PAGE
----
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2020’s Queen Of Da Souf may have been Latto’s official major-label debut, but it’s on her new album, 777, that she finally arrives. The Clayton County rapper gets an effective redo on her first impression thanks to a timely name change and the world reopening post-pandemic. She makes the most of it on her latest LP, which presents a polished and poised new version of the instantly compelling artist she was on her debut.
You’d be forgiven for not even noticing when Queen Of Da Souf dropped in August of 2020. The world was five months into a global lockdown to prevent the spread of COVID, but that state of affairs also prevented many of the emerging artists who released music that year from being able to spread their art, as well. Despite having strong, deeply-rooted records such as the Gucci Mane-featuring “Muwop” and the Lil Baby collaboration “Sex Lies” on it, Queen Of Da Souf was unable to gain much traction outside of Latto’s previously established fanbase.
It likely didn’t help that she was hampered by her unseemly stage name at the time, Mulatto, which evoked accusations of colorism. Despite not choosing the name she was saddled with as a child performer in her native Georgia, she was forced to field uncomfortable critiques and conversations about intent and perception. Now free of that particular burden, she can direct the focus where it ought to be: on the music.
As much focus as there is likely to be thrown onto big pop swings on the album like the lead single, “Big Energy” – which is her most successful song to date – where Latto continues to shine is in the songs that most heavily draw from the Southern influences of her hometown. Atlanta’s preferred emphasis on booming 808s and snickering snare drums is often the lane in which Latto finds herself most comfortable. On tracks like “Soufside,” “Stepper,” and the pair of title tracks, Latto swaggers and shines, projecting the essence of hip-hop’s foundation of braggadocio.
“It’s Givin” is a standout, stripping down the lush instrumentation on her more radio-ready material to offer a throwback to the skeletal drum machine productions of the late ‘80s. Likewise, “Wheelie,” which reunites Latto with fellow ATL staple 21 Savage, gives her the room to stretch her legs and strut her confident, unapologetic sex rhymes. However, her biggest risks tend to be the ones that pay off the most; on “Sunshine,” she goes to church with Lil Wayne and Childish Gambino, outshining her collaborators on the lush, organ-driven inspirational. It’s by far the most interesting song on the album, even when Gambino can’t help but stick his foot in his mouth by recalling Latto’s old moniker in reference to his own kids.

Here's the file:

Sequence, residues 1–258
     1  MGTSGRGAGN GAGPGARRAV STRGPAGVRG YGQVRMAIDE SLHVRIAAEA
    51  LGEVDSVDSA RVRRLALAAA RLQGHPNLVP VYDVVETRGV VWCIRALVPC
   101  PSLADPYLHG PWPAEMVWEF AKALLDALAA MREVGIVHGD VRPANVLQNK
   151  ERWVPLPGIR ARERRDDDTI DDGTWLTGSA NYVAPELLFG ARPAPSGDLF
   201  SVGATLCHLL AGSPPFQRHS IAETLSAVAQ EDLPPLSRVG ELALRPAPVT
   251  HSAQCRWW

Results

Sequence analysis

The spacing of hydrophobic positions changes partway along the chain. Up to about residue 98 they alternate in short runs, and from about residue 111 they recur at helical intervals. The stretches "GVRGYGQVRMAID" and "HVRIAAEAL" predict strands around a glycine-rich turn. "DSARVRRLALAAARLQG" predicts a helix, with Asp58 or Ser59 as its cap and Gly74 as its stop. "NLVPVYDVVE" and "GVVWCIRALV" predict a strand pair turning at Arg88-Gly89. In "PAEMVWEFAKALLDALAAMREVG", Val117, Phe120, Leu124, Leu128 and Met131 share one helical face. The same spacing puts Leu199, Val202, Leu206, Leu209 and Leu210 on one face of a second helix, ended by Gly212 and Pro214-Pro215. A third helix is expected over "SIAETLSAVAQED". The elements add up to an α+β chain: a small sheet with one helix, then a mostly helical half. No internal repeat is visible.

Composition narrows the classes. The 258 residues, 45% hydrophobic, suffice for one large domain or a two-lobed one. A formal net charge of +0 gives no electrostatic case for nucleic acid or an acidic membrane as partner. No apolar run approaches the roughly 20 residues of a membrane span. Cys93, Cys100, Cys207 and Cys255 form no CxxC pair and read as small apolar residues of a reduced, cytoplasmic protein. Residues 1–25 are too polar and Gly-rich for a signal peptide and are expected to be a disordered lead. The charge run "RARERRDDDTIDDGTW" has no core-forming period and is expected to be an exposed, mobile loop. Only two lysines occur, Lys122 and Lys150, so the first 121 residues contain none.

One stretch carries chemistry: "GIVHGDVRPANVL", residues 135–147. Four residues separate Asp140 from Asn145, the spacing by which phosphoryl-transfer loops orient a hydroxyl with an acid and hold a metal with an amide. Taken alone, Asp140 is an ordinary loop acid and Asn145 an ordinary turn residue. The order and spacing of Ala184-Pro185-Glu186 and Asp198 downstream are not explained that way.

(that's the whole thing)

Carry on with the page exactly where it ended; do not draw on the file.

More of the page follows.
Fortunately, the other collaborators on the project, like Lil Durk and Nardo Wick, manage to stick to the subject matter at hand. It’s disappointing that she chooses to be part of Kodak Black’s ongoing image rehabilitation campaign (it’s probably only a matter of time until he finds a way to publicly embarrass her with this bet), but Durk and Wick largely do what they’re expected to do. Still, it’s Latto’s show, and like the fond diminutive she’s floated for her growing fanbase, she hits the jackpot, earning her spot in rap’s upper echelon. Whether boasting and bragging on the party joints or turning inward on tracks like “Sleep Sleep,” Latto makes one hell of a second first impression.
777 is out now via Streamcut and RCA Records. Get it here.